Business

MidAmerican Energy adds more 'smart sensors' in Iowa City

A MidAmerican Energy crew installs sensors on a power line (MidAmerican Energy)
A MidAmerican Energy crew installs sensors on a power line (MidAmerican Energy)
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MidAmerican Energy Co. plans to add more than 150 of its “smart meters” in Iowa City and other cities in its service area in the coming months in an effort to shorten outage times.

MidAmerican employees will clip the sensors to power lines in their service areas during the next two months, which detects when electricity stops running in a line between one sensor and another.

When an outage is detected, the sensor sends details to the company’s control room to dispatch a repair crew immediately.

Spokesman Geoff Greenwood said the Des Moines-based company began installing sensors last year, and plans to continue putting them up into next year — until they fully cover MidAmerican’s customer area.

More than 200 sensors already are in place, the utility said in a news release.

He said MidAmerican doesn’t know exactly how much the utility will save in costs in sending out a crew to locate the source of an outage because it’s still in the middle of deploying the sensors.

In addition to Iowa City, MidAmerican covers electricity customers in almost all the westernmost third of the state, a portion of north-central Iowa stretching from Fort Dodge to Waterloo, the Quad Cities area, Fort Madison, and a swath of central Iowa, including Des Moines and Ottumwa.

The number of additional sensors the company plans to install include:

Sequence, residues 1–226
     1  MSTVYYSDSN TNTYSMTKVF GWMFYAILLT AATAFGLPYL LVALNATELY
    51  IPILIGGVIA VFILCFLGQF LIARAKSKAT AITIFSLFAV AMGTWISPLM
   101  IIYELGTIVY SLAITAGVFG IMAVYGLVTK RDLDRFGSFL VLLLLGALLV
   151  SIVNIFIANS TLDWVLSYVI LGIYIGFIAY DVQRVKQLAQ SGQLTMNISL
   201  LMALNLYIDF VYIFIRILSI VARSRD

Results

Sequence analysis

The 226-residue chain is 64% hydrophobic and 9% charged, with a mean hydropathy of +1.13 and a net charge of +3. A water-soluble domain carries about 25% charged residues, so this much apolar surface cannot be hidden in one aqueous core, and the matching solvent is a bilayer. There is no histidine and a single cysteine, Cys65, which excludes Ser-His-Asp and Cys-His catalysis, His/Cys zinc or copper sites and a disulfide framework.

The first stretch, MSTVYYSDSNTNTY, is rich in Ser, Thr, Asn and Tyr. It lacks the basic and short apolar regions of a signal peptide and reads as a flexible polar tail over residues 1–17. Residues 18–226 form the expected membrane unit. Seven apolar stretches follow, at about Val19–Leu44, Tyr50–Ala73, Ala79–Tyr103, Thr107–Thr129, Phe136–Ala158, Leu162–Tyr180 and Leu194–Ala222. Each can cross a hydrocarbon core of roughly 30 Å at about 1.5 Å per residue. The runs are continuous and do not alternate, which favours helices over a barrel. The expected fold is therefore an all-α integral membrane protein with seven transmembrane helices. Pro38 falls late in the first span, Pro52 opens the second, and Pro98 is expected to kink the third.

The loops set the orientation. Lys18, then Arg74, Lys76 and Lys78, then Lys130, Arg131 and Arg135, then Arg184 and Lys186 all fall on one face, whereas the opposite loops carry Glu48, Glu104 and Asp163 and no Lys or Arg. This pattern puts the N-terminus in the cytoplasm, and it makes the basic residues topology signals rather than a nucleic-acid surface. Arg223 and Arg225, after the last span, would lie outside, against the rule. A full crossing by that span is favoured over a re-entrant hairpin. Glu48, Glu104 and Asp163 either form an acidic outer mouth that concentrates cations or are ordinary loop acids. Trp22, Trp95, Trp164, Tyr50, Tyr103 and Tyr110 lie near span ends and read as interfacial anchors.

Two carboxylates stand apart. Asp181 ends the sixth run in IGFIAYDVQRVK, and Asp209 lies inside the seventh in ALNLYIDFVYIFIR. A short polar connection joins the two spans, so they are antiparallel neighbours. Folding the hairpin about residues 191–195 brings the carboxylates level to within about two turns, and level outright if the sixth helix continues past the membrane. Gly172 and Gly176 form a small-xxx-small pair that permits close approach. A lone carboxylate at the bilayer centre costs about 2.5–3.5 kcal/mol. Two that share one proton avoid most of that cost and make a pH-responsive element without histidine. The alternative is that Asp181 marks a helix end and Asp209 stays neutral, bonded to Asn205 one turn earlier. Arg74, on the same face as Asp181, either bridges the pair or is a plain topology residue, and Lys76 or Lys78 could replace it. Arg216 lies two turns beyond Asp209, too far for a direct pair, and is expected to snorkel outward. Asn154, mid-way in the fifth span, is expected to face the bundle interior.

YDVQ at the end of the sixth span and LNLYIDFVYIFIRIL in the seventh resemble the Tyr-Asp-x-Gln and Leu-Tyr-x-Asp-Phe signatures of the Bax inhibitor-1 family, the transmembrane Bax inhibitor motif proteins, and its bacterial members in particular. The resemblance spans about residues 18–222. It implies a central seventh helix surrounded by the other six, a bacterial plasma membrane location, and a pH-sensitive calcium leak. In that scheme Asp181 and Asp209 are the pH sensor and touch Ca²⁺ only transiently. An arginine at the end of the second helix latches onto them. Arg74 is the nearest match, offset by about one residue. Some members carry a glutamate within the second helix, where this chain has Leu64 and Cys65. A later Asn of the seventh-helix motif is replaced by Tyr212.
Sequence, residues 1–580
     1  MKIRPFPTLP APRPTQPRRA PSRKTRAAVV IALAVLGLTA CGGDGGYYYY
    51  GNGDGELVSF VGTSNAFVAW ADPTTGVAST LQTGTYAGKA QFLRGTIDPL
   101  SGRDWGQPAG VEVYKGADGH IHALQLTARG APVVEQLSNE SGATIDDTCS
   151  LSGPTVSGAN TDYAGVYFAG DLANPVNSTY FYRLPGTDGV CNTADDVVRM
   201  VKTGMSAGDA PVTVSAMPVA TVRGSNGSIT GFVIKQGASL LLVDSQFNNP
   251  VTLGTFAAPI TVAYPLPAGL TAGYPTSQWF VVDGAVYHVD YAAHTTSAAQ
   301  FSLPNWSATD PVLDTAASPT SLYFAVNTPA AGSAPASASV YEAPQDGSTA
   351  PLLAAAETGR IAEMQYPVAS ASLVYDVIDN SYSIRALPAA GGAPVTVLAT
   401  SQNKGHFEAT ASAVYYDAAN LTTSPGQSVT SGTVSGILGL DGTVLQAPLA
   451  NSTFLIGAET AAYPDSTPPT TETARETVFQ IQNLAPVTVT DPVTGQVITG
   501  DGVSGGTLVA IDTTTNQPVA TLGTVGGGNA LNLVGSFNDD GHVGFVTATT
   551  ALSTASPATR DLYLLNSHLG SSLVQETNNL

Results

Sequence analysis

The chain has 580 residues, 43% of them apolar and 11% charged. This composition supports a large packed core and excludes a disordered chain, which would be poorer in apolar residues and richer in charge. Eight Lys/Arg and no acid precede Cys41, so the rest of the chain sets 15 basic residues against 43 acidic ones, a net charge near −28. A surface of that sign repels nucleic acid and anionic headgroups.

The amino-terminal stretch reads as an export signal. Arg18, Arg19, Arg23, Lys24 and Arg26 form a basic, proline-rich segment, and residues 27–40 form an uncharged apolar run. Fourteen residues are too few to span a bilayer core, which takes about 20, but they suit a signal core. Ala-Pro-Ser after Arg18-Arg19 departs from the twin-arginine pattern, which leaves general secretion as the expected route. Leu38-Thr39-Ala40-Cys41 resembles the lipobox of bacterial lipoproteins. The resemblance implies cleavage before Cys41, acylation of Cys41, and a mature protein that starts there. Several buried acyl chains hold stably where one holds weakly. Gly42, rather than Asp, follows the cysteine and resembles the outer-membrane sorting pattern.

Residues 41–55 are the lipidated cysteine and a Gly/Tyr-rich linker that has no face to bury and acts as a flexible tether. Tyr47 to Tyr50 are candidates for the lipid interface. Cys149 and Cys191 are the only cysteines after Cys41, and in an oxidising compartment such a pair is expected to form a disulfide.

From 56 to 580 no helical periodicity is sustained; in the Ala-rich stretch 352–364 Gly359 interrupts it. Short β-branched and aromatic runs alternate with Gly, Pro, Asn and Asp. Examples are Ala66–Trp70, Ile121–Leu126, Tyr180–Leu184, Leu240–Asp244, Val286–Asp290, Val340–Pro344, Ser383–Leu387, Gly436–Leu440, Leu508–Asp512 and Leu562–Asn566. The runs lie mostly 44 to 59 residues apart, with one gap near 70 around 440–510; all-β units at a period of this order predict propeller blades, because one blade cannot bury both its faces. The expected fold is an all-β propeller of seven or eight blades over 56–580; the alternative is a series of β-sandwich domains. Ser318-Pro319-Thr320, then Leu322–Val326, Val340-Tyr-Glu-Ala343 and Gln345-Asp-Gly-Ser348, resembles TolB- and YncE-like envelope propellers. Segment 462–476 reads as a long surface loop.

• Council Bluffs — 2

• Des Moines — 49

• Fort Dodge — 13

• Quad Cities — 5

• Sioux City — 15

• Waterloo — 22.

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Greenwood said the sensors will notify crews of the exact cause and location of the outage instead of workers having to search for it themselves on the road. This will reduce the amount of time between when the outage occurs and when it is repaired.

“In particular, if you have a situation where it’s dark or there’s a thunderstorm or a winter storm or rough terrain, this greatly speeds up our response time,” he said.

Greenwood said the company also will install sensors on power lines in some non-urban areas

“In a rural area, this may involve very long spans between one substation and another substation,” he said. “By putting the sensors out on the lines, it saves us the driving time to an area and physically observing miles of power lines to determine where the interruption has taken place.”

Alliant Energy spokesman Mike Wagner said the electrical provider is in early discussions about installing smart sensors on power lines in its service territory.

However, he said the “smart meters” the utility has been installing on customers’ homes can notify Alliant crews if there’s an outage at a specific property. If there are multiple outages reported in a specific area, that would be a signal of an overall outage.

Alliant also uses the meters to remotely determine customer’s power usage without requiring an employee to physically read each meter every month.

l Comments: (319) 398-8366; dan.mika@thegazette.com

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